core from the three crippled reactors will take at least forty years;
these figures are beyond comprehension.
The radiation effects of the Fukushima Daiichi Nuclear Power Plant
triple meltdowns are felt worldwide, whether lodged in sea life or in
humans, it cumulates over time. The impact is now slowly grinding away
only to show its true colours at some unpredictable date in the future.
Thats how radiation works, slow but assuredly destructive, which
serves to identify its risks, meaning one nuke meltdown has the impact
over decades, of a 1,000 regular industrial accidents, maybe more. Not
many in the world seem to be worried about the legacy costs for the
coming generations. Besides the radiation that would have engulfed the
world due to several mishaps till then they are being saddled with
crippling costs that could only further cripple them mentally and
Chernobyl provides a perfect case study of radiation-caused deaths of
workers with a direct link, liquidators, exposed to the Chernobyl
radiation (1986), keeping in mind that radiation takes several years to
show up as cancer and other severe ailments: By 2001, of 800,000
healthy Russian and Ukrainian liquidators (with an average age of 33
years) sent to decontaminate, isolate and stabilise the reactor, 10 per
cent had died and 30 per cent were disabled. By 2009, 120,000
liquidators had died, and an epidemic of chronic illness and genetic
and perigenetic damage in nuclear workers descendants appeared (this
is predicted to increase over subsequent generations). The full extent
of the damage will not be understood until the fifth generation of
descendants. By the mid-2000s, 985,000 additional deaths between 1986
and 2004 across Europe were estimated as a direct result of radiation
exposure from Chernobyl.
Chernobyl likely foreshadows a dismal future for those exposed to
Fukushima radiation whether residents, workers, or untold recipients
throughout the extent of flowing seas, which is universal. For an
example of how radiation devastates human bodies generation by
generation, consider this. There are 2,397,863 people registered with
Ukraines health ministry to receive ongoing Chernobyl-related health
care. Of these, 453,391 are children none born at the time of the
accident. Their parents were children in 1986. These children have a
range of illnesses: respiratory, digestive, musculoskeletal, eye
diseases, blood diseases, cancer, congenital malformations, genetic
abnormalities and trauma.
There is more to come. To the above must be added the costs of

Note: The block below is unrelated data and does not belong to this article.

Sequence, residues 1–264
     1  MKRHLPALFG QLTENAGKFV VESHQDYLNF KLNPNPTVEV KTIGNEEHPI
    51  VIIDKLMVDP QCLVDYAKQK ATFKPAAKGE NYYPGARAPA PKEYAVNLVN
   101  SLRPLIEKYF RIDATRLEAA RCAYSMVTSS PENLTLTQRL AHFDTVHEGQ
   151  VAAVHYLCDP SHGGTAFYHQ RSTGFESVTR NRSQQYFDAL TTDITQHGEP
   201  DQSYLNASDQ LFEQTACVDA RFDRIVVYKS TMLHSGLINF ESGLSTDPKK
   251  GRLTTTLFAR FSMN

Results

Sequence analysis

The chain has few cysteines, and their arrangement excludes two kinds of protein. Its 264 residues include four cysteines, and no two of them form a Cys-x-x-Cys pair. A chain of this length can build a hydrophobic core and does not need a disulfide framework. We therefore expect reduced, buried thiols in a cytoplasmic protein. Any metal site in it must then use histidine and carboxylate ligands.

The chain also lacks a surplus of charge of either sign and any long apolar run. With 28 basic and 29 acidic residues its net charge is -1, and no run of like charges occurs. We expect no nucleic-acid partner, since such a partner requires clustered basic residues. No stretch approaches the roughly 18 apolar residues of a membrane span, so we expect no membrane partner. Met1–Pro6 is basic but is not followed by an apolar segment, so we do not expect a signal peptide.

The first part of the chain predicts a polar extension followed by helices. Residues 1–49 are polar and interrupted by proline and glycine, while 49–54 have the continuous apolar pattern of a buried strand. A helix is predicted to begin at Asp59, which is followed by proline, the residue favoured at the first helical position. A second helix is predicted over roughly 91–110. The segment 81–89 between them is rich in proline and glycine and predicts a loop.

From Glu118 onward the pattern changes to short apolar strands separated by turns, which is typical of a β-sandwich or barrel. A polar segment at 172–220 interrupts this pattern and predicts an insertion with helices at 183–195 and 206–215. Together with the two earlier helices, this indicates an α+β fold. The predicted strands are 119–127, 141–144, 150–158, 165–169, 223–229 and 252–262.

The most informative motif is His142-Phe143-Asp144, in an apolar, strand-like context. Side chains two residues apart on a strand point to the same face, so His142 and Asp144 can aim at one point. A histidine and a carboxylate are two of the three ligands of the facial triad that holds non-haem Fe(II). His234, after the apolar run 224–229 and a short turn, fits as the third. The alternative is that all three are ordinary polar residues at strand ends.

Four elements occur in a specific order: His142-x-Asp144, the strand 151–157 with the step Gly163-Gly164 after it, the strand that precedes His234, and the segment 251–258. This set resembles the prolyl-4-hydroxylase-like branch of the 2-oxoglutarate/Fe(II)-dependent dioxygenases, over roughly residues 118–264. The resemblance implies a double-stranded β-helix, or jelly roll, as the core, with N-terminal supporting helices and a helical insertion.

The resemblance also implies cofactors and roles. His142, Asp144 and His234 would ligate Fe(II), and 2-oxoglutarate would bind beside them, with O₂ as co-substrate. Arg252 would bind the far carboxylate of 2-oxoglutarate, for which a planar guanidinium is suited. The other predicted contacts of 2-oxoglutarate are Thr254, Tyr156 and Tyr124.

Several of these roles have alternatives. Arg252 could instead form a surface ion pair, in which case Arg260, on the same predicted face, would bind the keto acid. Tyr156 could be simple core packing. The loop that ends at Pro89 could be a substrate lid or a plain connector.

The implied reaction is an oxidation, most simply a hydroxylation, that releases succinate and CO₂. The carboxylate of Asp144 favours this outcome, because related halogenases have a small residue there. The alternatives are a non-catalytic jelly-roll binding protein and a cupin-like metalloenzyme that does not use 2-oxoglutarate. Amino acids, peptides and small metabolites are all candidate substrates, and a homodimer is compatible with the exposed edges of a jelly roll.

decommissioning 15,000 nuclear weapons or whatever remains after
Armageddon, which seems the most likely option the way those who hold
the destiny of the world in their hands are leading the world. There is
an urgent need to highlight the consequences of the Nuclear Trap and
the legacy quest for successor generations. As so many new nuclear
reactors have been built since and many more under construction it is
strongly recommended that the book is studied by all governments,
nuclear advisers and experts. It will be a wake-up call people for all
those going in for new reactors and unknowingly or uncaringly
destroying the future for coming generations. In 1985, International
Physicians for the Prevention of Nuclear War received the Nobel Peace
Prize. IPPNW had been founded in 1980 by six physicians, three from the
Soviet Union and three from the United States. Today, the organisation
has wide membership among the worlds physicians. Professor Bernard
Lowen of the Harvard School of Public Health, one of the founders of
IPPNW, said in a recent speech:
No public health hazard ever faced by humankind equals the threat of
nukes to make this planet uninhabitable Modern medicine has nothing to
offer, not even a token benefit, in the event of nuclear war
The historic 122 nation treaty on the abolition of nuclear weapons was signed last July at the UN.
Not long before he died Stephen Hawking world-renowned author of A
Brief History of Time in an interview opined that unless humanity
changed course the end could come as soon as twenty years. The cause of
the final cataclysm would either be climate change and global warming
or nuclear exchange, more likely the latter.
The writer, a retired Major-General of the Indian Army, is the author of Third Millennium Equipoise.